As car accident lawyers in Nova Scotia, this is a question we hear often. Where someone is injured in an accident, they usually also have a damaged car. The processes for getting insurance compensation for your damaged car differs significantly from the process of negotiating compensation for your injuries. Property damage compensation is much more “user friendly”. Here is a short article that discussed how it happens in Nova Scotia:
The standard auto insurance policy in Nova Scotia has a section dedicated specifically to covering property damage. It’s called “Section C”. While Section C is often part of standard insurance policies, law does not specifically require you to purchase it like Sections A, B, and D of the standard policy. Companies that offer Section C often require a deductible payment to be met before they will pay for costs.
Section C only applies when the accident you are in is your fault. Otherwise, car damage is covered by Section A in your own policy. This was a change made in 2013. Prior to this, compensation would come from insurance company of other driver to cover damage to your vehicle if they were at fault. Sometimes lawsuits would be necessary. This is no longer allowed. Instead, Nova Scotia now has a relatively new process called Direct Compensation for Property Damage, or DCPA, that lets you make a claim on your own insurance under Section A if you weren’t at fault. Both of these processes let you make a claim on the vehicle as well as to the contents of the vehicle (e.g. a damaged laptop), or equipment attached to the vehicle (e.g. sports equipment or a trailer).
Making a claim on Section C or under DCPA is pretty straightforward, but there is one very important “gotcha” that can make a bad situation even worse. If you were under the influence of drugs or alcohol at the time of the accident, or if you allow a driver under the influence use your vehicle, and an accident happens, Section C will no longer apply. This is one of the many hidden punishments of impaired driving.
How The Insurance Company Calculates Vehicle Compensation:
There are two steps. First, a calculation is made regarding how much it will cost to repair the damage or the “actual cash value” of the damaged goods.
The “Actual Cash Value” is the amount of money necessary to replace your vehicle with a comparable used vehicle (The total mileage, age, overall condition and average retail selling price of your vehicle will all be considered in determining its actual cash value plus applicable sales tax.)
You shouldn’t blindly accept the insurance company’s valuation. It’s recommended that you check local classified ads and “auto trader” magazines to find the asking price for similar vehicles. Although these are asking prices, not the selling prices, this should give you an idea as to what your vehicle may be worth. Write down the prices of five vehicles similar to yours and then take the average. If this average is significantly higher than the cash settlement being offered to you by your insurance company, speak to your claims adjuster.
After the price is calculated, the insurance company will decide just how much of the accident was your fault. This is done through a complicated process called the Automobile Insurance Fault Determination Regulations. It’s basically a giant flowchart that insurance companies are required to use to determine how much a person is responsible for an accident. If it is determined that you are 25% at fault, for instance, then they will pay you 75% of the repair costs or actual cash value of the vehicle.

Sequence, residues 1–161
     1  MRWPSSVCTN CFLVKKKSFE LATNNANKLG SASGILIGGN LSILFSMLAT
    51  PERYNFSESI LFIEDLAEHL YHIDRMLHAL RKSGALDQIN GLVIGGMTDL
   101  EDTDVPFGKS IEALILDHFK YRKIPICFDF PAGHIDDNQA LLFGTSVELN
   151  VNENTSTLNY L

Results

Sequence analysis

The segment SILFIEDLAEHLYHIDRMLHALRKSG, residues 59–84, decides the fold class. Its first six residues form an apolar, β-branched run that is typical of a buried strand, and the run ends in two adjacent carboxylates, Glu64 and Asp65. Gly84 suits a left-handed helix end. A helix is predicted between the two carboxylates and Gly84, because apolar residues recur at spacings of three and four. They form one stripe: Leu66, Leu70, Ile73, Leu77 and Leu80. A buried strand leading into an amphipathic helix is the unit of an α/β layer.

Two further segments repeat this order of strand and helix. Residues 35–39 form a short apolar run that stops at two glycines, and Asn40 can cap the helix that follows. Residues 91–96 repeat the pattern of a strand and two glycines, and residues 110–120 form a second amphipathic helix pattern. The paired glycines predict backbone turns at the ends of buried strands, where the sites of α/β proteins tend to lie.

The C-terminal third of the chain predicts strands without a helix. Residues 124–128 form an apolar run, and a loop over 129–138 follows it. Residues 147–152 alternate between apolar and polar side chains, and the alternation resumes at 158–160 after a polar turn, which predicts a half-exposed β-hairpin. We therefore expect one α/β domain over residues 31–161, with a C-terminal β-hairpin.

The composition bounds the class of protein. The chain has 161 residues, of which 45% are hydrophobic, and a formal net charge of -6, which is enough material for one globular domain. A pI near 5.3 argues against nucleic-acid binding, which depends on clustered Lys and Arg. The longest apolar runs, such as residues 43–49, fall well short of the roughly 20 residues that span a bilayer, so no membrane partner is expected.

Needless to say, this can lead to some heated debates. On the one hand, the actual cash value of your vehicle may be far less than your car loan or what you think the car is worth due to condition, modifications, etc. On the other hand, you may disagree with the percentage of fault assigned to you in your claim. You could even disagree on both.
If you disagree with your insurance company’s opinion on fault, and believe that the decision does not accurately reflect the circumstances of the accident, speak to the insurance adjuster handling your claim. Ask him or her what section in the Fault Determination Regulations has been applied in your case.
It could be helpful to bring any new information to the attention of your insurance company. Generally, an insurance company will revise or reconsider its decision on fault only if additional, relevant information is provided. For example, if an accident occurred in which each driver stated that the other driver had gone through a red light, an insurance company would have little choice but to assign fifty-fifty fault. However, if an eyewitness confirmed which driver went through the red light, an insurance company could review its decision.
If you strongly disagree with the decision, you may need to file a lawsuit against your own insurance company to dispute their calculations or bring a complaint to the insurance company’s complaint officer If you have injuries, you can also bring a Section A claim and ask for that policy to pay the property damage difference if you’re successful at proving total liability against another driver. However, it’s strongly suggest that you speak with an experienced car accident lawyer before filing lawsuits over property damage. You can land yourself in some trouble for doing this. For instance, you may lose the right to bring later lawsuits for injury compensation by accepting a settlement for Section C or DCPA. You want to tread carefully in this regard and definitely consult with an experienced car accident lawyer.